Katie Paine’s 6-Step System for Perfect Measurement

Step 1: Define the goal (i.e. what business problem are you solving?)

Sit down with your boss, your boss’ boss, your board, or whoever holds the budgetary sword of Damocles over your head and get agreement on why you are even contemplating the campaign, initiative, or program that you are starting.  What’s the desired outcome? If you can’t answer that, go back to your boss or whoever came up with the bright idea of doing it,  and make sure you can all agree on a set of goals, objectives, and desired outcomes.

Step 2: Prioritize your goals and target audiences

Chances are, your desired outcome or goal falls into one of three basic categories:

  • Sell more
  • Improve/repair relationships/reputation
  • Get the word out about a new product, initiative, event, campaign, or senior leadership’s theme of the month

Your rationale for the campaign/program/initiative may incorporate all three, but for the purposes of designing your measurement program, pick one and only one.

  • Sell more –
    • This might be translated as “increase market share,” “sell this widget,” or “increase donations or memberships.” If you are using social media to essentially push a product or a service, then you are in the “social media as sales tool category.” Those who desire this outcome will only be satisfied if you can show an improvement to sales/revenue/donations.  That means you’ll need to have access to data from your CRM system (such as Salesforce)  or conversion data from Google Analytics (or whatever web analytics tool you’re using).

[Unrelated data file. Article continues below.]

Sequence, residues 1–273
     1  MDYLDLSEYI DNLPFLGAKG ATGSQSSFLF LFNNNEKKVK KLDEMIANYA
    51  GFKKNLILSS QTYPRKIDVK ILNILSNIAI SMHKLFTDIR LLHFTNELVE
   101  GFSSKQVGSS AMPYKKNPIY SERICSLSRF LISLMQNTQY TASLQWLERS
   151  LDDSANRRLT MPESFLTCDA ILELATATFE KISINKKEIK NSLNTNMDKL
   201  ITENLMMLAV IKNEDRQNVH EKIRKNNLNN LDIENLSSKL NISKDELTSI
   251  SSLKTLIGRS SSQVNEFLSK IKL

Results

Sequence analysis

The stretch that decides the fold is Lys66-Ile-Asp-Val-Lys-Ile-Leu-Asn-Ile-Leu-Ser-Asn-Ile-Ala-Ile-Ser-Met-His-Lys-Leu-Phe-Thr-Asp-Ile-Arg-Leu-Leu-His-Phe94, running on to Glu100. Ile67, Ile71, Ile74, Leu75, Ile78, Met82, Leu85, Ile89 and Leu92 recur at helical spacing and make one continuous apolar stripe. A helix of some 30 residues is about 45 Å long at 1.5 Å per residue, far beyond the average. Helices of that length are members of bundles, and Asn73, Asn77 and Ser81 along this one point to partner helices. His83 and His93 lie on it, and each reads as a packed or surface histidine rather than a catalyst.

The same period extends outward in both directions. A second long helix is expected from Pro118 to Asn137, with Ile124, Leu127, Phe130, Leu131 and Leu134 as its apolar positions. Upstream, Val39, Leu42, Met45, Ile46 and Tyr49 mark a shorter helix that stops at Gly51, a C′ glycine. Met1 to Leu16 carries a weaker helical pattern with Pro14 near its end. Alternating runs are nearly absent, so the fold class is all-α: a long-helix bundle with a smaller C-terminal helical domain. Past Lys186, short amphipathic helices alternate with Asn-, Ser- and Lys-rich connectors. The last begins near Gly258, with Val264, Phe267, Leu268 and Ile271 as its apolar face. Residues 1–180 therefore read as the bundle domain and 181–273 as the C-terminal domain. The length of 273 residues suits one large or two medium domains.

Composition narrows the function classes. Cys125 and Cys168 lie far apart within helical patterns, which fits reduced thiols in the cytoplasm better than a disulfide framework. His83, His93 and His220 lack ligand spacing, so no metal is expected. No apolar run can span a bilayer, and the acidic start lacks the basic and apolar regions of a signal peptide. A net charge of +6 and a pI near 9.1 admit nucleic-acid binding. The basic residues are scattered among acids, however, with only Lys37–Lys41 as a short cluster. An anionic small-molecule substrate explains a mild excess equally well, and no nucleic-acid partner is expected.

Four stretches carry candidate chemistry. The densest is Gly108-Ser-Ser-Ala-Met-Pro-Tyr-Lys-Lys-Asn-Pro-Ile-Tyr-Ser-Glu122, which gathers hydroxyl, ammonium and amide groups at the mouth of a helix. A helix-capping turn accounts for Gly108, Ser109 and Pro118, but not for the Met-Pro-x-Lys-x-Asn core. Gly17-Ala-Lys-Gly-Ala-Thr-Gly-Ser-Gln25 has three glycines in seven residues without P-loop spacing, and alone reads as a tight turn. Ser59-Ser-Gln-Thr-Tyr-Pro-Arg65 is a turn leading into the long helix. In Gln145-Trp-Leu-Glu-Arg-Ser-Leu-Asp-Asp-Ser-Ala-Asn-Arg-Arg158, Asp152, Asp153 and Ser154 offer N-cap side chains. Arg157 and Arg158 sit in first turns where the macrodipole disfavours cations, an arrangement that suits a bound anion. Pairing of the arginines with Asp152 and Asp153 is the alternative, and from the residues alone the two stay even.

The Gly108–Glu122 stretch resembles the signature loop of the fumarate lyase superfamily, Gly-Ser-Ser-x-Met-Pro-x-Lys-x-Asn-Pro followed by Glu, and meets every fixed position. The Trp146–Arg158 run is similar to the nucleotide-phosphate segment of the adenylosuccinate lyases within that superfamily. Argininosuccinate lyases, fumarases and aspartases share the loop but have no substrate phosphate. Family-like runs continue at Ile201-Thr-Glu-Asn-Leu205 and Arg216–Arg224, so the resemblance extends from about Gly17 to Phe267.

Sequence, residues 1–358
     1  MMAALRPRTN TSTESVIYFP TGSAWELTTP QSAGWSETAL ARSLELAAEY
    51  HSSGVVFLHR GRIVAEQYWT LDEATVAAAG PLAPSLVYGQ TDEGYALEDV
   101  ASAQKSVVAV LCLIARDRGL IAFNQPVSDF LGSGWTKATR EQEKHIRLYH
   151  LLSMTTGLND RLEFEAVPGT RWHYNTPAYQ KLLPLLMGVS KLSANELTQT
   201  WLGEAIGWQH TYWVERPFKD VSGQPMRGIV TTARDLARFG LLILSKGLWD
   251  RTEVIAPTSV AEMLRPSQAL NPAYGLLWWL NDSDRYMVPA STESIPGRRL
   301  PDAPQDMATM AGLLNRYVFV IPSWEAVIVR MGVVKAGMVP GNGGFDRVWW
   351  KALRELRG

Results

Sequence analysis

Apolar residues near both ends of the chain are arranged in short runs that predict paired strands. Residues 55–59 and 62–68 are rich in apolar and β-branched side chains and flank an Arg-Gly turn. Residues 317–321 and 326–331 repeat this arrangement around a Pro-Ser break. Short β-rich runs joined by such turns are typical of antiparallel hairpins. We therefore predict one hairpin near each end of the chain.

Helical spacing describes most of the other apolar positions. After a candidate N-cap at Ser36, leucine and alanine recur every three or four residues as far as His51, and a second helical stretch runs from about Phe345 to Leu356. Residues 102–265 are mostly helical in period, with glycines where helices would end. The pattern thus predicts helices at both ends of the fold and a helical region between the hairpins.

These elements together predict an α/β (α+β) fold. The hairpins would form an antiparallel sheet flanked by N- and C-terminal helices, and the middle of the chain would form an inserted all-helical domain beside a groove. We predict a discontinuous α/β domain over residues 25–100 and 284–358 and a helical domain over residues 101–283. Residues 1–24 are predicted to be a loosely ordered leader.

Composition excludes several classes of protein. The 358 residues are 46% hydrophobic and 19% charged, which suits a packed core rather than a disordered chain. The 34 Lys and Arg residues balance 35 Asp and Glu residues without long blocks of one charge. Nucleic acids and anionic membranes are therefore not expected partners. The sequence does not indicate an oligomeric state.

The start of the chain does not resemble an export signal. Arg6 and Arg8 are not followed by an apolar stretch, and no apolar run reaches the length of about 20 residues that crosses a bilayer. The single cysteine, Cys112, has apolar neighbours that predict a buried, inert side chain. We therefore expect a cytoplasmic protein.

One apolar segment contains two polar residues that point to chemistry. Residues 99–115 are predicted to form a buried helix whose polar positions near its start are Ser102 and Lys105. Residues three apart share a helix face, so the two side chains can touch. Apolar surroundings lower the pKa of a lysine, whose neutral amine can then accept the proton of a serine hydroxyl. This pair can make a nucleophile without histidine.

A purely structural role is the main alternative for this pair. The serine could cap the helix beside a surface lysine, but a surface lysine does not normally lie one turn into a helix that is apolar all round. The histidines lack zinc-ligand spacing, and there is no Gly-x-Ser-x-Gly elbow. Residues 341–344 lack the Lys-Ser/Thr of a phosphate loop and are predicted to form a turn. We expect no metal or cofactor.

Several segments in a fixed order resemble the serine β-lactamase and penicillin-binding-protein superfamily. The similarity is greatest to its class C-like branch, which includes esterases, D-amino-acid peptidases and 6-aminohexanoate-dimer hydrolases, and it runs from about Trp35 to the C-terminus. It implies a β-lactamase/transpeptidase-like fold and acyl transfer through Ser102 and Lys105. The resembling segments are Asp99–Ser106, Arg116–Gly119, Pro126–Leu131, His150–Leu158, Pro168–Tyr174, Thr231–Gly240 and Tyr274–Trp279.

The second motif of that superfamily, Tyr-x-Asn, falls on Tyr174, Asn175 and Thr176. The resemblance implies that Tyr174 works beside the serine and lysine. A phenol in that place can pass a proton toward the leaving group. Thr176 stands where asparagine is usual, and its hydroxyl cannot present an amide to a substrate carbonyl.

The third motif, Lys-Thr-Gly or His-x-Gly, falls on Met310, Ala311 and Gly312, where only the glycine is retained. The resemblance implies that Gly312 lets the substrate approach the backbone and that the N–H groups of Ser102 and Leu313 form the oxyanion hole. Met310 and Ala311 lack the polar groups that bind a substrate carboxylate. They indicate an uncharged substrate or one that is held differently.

• Improve/repair relationships/reputation –
    • Social media is often used to change your image in the marketplace or your community, re-position your brand, or appear “hip” to a younger generation. If your primary reason for taking the social media plunge is to change perceptions about your brand or your organization, improve your reputation for customer service, or other awareness or preference goals, you’ll need to be thinking about a survey or a content analysis of your social media.
  • Communicate specific information in an educational way or for emergency response –
    • This category is primarily for organizations like the government or the American Red Cross that use social media to warn or educate people. Typical outcomes for this use of social media would be to broadcast warnings in the event of a storm or get the word out about shelters.

Once you’ve prioritized your goals, you need to identify the specific target audiences you are trying to reach. Whoever they are, it will not be “anyone with a pulse.”  Get a demographic, psychographic profile and/or a defined list of personas who are interested in what you’re pitching. That will define the media outlets or platforms that you need to measure.

Step 3: Define the benchmarks

Before you can begin any measurement program you need to know what you will be comparing yourself to. Ideally, you’ll compare yourself to the competition, but in a pinch, it can be yourself over time. Regardless, it isn’t measurement if you don’t have a benchmark.

Step 4: Define your Key Performance Indicators

Key Performance Indicators (KPIs) are the specific metrics that will define your success. They typically start with a percentage, as in: